Scaling Privileged Access for Modern Infrastructure: Real-World Insights
Apr 25
Virtual
Register Today
Teleport logoTry For Free
Background image

Multi-layered Trust with Yash Kosaraju

For this 18th episode of Access Control Podcast, a podcast providing practical security advice for startups, Developer Relations Manager at Teleport Ben Arent chats with Yash Kosaraju. Yash is Chief Security Officer at SendBird. Sendbird's mission is to build connections in a digital world, providing APIs and services for chat products with API and tools to integrate into apps. This episode dives into how teams can build multi-layered security systems to go beyond zero-trust to let teams do their work but also provide checks.

Key topics on Access Control Podcast: Episode 18 - Multi-Layered Trust

  • Sendbird provides APIs and services for chat and products to integrate into applications.
  • As Sendbird is B2B, B2B2B, and B2B2C, its customers use Sendbird to build chat applications which their own customers use, resulting in a lot of data that enters Sendbird's system and that needs to be secured.
  • Compliance and security go hand in hand. You determine how compliance requirements fit your business, and use them as a baseline to improve your company's security posture.
  • Two guidelines for access control are a multi-layered design (where more than one thing should go wrong for something bad to happen within the company) and keeping things as simple as possible.
  • A sound access control philosophy ensures that people in the company have access to what they need to do their jobs.
  • Security is always should be a balance between usability and providing security.

Expanding your knowledge on Access Control Podcast: Episode 18 - Multi-Layered Trust

Transcript

Ben: 00:00:00.000 Welcome to Access Control. A podcast providing practical security advice for startups. Advice from people who've been there. Each episode, we'll interview leaders in their field and learn best practices and practical tips for securing your org. For this episode, I'll be talking to Yash Kosaraju. Yash is a Chief Security Officer at Sendbird. Sendbird's mission is to build connections in the digital world, providing APIs and services for chat and products to integrate into applications. Today, we'll deep-dive into how teams can build multi-layered security systems to go beyond zero trust to let teams do their work, but also provide the checks and balances. Welcome. Thanks for joining us today. To kick things off, can you just give me a little bit more about your background?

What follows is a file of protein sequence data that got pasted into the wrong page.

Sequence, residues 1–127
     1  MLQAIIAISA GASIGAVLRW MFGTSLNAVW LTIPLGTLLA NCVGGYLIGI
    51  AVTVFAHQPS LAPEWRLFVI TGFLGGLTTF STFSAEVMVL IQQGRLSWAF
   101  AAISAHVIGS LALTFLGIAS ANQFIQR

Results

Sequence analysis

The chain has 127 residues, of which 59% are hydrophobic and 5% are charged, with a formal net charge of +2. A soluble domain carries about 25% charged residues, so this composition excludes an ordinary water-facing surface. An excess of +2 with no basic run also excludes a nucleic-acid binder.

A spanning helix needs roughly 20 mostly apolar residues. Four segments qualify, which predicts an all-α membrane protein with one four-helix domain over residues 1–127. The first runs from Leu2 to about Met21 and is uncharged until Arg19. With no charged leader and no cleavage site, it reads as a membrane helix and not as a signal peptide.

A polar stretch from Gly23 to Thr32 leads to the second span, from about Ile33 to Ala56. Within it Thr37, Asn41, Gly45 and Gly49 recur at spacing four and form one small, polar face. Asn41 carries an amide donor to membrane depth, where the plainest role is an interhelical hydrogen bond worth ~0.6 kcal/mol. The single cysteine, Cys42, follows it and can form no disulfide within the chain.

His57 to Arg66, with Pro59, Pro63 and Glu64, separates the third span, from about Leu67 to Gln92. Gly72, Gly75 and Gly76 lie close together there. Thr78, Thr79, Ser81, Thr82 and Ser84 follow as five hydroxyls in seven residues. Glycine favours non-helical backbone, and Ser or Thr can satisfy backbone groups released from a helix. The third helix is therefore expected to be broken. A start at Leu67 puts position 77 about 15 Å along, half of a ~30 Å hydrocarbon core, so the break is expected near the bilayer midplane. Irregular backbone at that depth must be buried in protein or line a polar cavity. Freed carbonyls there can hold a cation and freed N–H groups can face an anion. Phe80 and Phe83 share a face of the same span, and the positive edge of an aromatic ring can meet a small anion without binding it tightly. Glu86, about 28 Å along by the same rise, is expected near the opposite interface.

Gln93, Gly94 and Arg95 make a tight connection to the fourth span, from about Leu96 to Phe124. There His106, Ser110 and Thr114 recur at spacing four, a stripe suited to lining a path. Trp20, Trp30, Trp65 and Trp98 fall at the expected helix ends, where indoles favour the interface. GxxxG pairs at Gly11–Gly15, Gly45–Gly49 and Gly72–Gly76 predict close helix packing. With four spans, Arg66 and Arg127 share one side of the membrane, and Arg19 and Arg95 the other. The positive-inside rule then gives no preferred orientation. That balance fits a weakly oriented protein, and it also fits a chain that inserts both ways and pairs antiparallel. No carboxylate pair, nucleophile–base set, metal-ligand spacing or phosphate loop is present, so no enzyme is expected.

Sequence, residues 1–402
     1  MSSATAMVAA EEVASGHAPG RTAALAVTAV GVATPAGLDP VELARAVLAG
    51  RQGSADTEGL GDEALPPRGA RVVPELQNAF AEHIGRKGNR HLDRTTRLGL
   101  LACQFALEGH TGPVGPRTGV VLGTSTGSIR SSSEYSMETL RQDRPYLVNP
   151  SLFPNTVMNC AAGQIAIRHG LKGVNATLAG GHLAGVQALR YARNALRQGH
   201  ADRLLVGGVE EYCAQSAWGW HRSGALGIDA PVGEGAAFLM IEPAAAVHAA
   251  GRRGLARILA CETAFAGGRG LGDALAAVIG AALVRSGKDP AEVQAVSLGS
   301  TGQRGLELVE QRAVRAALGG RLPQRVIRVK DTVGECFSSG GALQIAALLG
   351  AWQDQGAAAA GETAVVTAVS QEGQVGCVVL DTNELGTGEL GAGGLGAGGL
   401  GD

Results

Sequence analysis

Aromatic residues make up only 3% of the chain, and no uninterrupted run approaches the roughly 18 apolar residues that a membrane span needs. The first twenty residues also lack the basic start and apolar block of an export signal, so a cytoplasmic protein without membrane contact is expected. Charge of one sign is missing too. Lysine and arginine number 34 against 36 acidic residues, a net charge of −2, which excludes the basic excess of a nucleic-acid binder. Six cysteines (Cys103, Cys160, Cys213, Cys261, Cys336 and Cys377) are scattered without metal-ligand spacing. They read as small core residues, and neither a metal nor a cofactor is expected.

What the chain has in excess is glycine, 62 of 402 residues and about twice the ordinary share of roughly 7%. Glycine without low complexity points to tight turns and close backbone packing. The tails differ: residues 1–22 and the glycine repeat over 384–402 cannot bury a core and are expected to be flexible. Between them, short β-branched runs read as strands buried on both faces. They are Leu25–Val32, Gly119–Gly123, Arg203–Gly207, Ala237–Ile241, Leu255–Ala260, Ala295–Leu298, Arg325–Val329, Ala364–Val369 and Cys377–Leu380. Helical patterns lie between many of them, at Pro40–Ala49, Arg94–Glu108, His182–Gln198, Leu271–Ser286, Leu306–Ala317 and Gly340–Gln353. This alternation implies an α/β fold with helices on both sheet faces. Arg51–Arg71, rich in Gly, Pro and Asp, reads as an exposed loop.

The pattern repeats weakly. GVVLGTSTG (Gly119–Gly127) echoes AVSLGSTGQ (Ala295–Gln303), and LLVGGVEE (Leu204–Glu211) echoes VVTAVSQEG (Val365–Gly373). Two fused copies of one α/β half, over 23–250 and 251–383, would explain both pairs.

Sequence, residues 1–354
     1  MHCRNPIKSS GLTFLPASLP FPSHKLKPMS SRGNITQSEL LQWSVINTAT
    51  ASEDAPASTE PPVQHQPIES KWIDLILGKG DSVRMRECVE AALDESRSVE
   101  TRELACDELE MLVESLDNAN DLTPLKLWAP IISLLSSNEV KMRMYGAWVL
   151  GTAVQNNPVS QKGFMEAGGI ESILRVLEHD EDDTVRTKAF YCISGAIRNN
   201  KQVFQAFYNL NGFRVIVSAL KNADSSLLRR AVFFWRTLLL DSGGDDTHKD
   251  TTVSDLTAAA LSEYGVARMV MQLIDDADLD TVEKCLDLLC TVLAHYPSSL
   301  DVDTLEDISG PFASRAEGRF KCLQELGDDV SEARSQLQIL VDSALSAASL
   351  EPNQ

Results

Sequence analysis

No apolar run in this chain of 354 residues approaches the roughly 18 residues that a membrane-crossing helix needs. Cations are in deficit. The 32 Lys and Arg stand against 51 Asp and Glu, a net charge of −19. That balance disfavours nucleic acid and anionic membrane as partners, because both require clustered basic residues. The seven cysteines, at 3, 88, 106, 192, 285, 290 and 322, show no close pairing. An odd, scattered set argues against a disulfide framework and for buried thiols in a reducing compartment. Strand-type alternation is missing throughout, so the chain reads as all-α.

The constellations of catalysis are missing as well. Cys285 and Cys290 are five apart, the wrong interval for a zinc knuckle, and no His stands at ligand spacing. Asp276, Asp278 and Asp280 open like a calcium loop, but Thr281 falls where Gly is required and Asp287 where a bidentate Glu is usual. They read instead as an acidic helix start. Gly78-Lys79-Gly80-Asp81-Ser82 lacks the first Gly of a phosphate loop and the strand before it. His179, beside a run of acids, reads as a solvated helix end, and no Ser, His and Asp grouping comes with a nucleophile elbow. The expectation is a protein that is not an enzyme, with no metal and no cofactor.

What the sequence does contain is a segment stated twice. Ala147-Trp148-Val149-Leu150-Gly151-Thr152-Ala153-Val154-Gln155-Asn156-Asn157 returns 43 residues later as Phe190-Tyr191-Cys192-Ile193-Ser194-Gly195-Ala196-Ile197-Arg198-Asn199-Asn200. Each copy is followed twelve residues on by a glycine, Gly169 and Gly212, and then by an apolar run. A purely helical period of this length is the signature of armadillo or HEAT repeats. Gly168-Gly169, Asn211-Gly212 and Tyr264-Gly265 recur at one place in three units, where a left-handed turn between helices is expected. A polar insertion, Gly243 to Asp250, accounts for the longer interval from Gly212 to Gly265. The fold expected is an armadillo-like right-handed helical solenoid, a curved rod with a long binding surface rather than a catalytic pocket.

Guest background

Yash: 00:00:40.246 Thanks, Ben. I'm excited to be here. Most security practitioners start off with a non-traditional background, but also the opposite. I sort of have a traditional background. I got my master's in cybersecurity from Johns Hopkins. From there, I did some consulting with iSEC Partners. From that, moved on to Box. I was there for about four years doing AppSec and a bit of everything else. From Box, moved to Twilio. Built product security teams there, did a whole bunch of interesting stuff for four and a half years. From there, moved on to Sendbird where I took on the CSO role.

Sendbird overview

Ben: 00:01:16.102 And then for people who aren't familiar, can you just give it a little bit of an overview of what Sendbird is?

Yash: 00:01:21.095 Sendbird provides a conversations platform for different applications. We allow any app or website or platform to quickly and very easily embed rich real-time chat voice or video experiences to create connections with users and/or between users.

Ben: 00:01:40.506 So if you are a startup and you're looking to add some sort of real-time communication, Sendbird is sort of a place to go to get the APIs to connect and make that app magic happen.

Yash: 00:01:50.537 Yes. So we have rich APIs and SDKs. If you're looking for one-on-one communication support chat, anything that you want to quickly embed into your application, Sendbird would help you do that.

Role at Sendbird

Ben: 00:02:01.978 And then what is your role there at Sendbird?

Yash: 00:02:04.301 I oversee security compliance, IT, and some aspects of physical security as well.

The first 30/60/90 days as CSO at Sendbird

Ben: 00:02:11.283 I think you said you've came in about a year ago as one of the first sort of security people at Sendbird. Can you tell me a bit about what you did within sort of your first 30/ 60/90 days as Chief Security Officer?

Yash: 00:02:25.185 I was the first leader in the space that they hired externally. The first 30 days were purely listening. I was talking to existing people that were doing IT and compliance, talking to other head of departments, the CTO, engineering, infrastructure, and just listening to how things were done, what the pain points were, what we had in place, what their expectations were from a security team, and what the gaps were. After a lot of listening, you kind of get an idea of what needs to be done and what the company is expecting from that role. After that, it was putting a plan in place together, putting a strategy and a vision for the security team along with getting started on the resourcing aspect. And that was moving a few folks from other teams into a consolidated security organization, identifying gaps within the capabilities we had, and then starting to hire to fill those. As that progressed between 60 and 90, you start tackling some of the projects that were in your project planning. I usually pick few that are low effort and high visibility and high impact because it also shows that you move the needle plus it earns you some street cred, which you could then later use to build and do more things as you go on.

Security playbook and challenges

Ben: 00:03:48.928 And so you mentioned at Sendbird, you oversee security, IT, and compliance. Is there any sort of specific playbook that you go for each one of those sort of key areas?

Yash: 00:03:59.608 They didn't currently have a playbook. Each company is different. Their needs a different — it's very individualistic in that sense, see what we do today, what we need to do to get the company to where we as a company need to be in the next couple of years.